Brother D – How We Gonna Make the Black Nation Rise?

Arguably, this is one of the very first socially conscious tracks ever done in Hip Hop. It was originally released in 1980, but reissued in 1985 by 4th & Broadway Records. Using Cheryl Lynn’s “Got to Be Real” as a sampled backdrop, Brother D with The Collective Effort brings the art of socially addressing issues that speak to the inner cities and impoverished areas (reform my ass :P)and asks this simple question in the title song. I’m taking you waaaaaaay back peoples. Can you dig it?


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Comment (47)

  1. I love how much of an earnest group effort this track is. You just feel it that the people who step up to the mic would have been told they're "not good enough" in any other context. But here in Hip Hop, their voices are being heard. Their voices have a place. Just a thought.

  2. Man, I haven't heard this in what, 20 years?! Every word is truth! Thank you for posting this. Respect to Brother D and this whole crew!!
    True and living! Brave of them drop this back in the day!!

  3. The description says this track uses 'Got To Be Real' as a "sampled backdrop". Strictly speaking, samplers were not in use yet. The bassline is replayed, not sampled, for this classic.

  4. Correction. Cheryl Lynn's vocals "Got to Be Real" are not sampled on the backgrounds. Background vocals were done by Motor Hot (session singers) and are singing "Let's Be Real".

  5. Every time Black people come up we are knocked back down, hell the government has even bombed black neighborhoods that were prospering. Even now with plan Parenthood shit trying to make its way to our communities and GMO. f#Facts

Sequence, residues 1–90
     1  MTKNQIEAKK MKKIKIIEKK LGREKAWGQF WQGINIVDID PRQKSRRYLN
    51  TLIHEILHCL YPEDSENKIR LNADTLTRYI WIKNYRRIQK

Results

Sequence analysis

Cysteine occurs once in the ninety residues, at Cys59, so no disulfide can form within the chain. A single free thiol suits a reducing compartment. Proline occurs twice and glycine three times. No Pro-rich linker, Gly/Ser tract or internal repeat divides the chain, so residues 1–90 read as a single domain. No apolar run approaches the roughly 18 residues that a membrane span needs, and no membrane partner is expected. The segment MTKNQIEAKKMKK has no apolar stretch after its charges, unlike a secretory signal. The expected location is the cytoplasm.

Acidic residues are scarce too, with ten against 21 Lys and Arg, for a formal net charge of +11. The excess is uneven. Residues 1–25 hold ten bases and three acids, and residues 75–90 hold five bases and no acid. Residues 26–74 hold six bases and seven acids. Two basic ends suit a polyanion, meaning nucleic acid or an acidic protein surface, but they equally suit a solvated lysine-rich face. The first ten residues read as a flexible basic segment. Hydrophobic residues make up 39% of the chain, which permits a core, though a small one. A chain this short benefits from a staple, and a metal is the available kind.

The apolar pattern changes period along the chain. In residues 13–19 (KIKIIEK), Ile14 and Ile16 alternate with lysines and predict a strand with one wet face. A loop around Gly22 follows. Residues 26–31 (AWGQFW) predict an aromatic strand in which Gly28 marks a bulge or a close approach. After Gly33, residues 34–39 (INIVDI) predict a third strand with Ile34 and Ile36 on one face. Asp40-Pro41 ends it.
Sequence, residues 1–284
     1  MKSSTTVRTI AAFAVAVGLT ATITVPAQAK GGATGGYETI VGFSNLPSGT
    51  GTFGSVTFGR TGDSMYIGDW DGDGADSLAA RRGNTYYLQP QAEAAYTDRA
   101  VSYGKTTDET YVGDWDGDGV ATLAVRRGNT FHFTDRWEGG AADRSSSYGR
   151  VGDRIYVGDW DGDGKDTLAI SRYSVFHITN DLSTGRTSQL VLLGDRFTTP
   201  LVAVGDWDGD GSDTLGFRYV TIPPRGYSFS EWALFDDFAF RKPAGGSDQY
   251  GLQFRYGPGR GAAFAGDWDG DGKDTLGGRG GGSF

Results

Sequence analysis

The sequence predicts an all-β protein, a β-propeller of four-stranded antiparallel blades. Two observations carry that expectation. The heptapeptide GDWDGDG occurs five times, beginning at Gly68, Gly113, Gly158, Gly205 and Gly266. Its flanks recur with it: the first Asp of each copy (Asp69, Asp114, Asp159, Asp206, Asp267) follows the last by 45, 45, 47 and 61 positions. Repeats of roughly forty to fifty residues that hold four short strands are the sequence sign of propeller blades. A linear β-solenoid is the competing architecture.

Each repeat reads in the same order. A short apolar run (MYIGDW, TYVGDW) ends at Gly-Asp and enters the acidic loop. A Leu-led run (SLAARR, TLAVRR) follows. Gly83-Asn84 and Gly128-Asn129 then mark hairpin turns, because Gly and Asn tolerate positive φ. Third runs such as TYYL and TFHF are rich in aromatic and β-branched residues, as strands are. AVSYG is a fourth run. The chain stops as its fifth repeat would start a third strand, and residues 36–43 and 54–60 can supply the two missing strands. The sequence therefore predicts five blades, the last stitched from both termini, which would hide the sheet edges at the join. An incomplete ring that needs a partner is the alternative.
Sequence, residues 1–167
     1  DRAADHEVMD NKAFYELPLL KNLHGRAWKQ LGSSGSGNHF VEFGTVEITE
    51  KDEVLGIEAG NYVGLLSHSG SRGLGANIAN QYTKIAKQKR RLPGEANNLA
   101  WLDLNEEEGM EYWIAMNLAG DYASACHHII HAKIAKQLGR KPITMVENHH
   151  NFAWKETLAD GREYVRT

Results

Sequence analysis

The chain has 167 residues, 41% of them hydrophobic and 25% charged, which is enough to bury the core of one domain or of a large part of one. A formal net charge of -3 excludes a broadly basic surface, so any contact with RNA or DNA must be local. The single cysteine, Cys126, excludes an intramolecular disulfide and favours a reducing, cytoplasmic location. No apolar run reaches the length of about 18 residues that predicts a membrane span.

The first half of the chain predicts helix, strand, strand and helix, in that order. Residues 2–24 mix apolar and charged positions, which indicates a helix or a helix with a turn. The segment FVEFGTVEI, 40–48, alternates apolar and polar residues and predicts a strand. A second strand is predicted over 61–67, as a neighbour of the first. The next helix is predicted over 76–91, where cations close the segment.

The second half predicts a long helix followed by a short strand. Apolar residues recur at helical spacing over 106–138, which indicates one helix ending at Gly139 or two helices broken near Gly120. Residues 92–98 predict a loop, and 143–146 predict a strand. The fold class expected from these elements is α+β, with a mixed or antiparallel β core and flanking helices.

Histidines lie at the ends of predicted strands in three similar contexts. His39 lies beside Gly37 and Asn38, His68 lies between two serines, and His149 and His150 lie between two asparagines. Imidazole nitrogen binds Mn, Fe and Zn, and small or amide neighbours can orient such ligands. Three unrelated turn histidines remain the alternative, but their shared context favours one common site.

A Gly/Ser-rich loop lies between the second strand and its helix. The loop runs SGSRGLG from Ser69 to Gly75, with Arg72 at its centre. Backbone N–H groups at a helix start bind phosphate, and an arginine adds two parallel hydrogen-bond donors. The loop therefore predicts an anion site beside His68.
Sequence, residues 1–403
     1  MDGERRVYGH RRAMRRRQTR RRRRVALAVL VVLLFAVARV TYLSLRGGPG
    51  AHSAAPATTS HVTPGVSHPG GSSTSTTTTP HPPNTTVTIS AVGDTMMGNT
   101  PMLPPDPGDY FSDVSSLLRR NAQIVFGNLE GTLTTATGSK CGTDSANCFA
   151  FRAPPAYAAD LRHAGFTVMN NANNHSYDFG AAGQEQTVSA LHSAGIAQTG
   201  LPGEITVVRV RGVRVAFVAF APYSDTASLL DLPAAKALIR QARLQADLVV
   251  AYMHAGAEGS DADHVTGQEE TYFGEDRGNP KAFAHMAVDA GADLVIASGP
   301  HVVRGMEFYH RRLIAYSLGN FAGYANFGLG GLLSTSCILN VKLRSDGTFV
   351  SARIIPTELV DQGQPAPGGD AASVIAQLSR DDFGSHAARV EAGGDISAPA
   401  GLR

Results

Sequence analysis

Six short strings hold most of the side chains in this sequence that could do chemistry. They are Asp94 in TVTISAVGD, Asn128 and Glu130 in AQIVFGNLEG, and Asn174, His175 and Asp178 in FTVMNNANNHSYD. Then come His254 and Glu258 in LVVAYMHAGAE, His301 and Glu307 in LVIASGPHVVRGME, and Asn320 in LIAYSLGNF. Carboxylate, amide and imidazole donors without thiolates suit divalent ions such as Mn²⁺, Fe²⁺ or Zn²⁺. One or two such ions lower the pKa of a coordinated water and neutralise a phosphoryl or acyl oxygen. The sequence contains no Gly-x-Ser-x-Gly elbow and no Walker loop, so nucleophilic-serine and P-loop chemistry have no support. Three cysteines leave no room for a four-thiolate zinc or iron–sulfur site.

6. Original tings. It does what it says on the tin. Raise up the black nation. Conscious rap. Long forgotten. Hip Hop been hijacked by corporate greed, tits and arse, gangster pimp individualism and niggerology. Sad, but enjoy the rare joint. Peace.  

  7. First heard this in 1980 as a white fourteen year old with dreads growing up in Bristol Uk blow my mind it still does it should have millions of hits up there with Gil Scott. What the hell happened to rap ?

  8. Awesome track. Discovered this on a fab NME cassette back in 83 – a real eye-opener. Dig the reference to concentration camps – guantanamo prophecy, anyone?

  9. I heard this back in 1980. English white boy but that lyric "there ain't party in the police state" has really stuck with me. We still got a police state, we're just too stupid to know it, still partying away and not caring a shit about the libertys that are taken away from us. It's not just a black thing although it was when this visionary record was made. Now it's just a working class thing, us against them.

  10. Peace.thank you so much for posting this Rap.I'm one of the "old timers" who was part of the collective effort that made this. We were in our 20's when this was made,"iBlessed are we who dare to be free. We gotta change the way we behave"please, repost and spread this because it is still relavent.

  11. Magnificent. This bald old white Brit first heard this when the NME (a British music mag) put it on a giveaway compilation cassette around 1981. It must have lodged somewhere in my head because I've been looking out for it ever since but couldn't find it, and I remembered most of it. Thank you so much for posting this.

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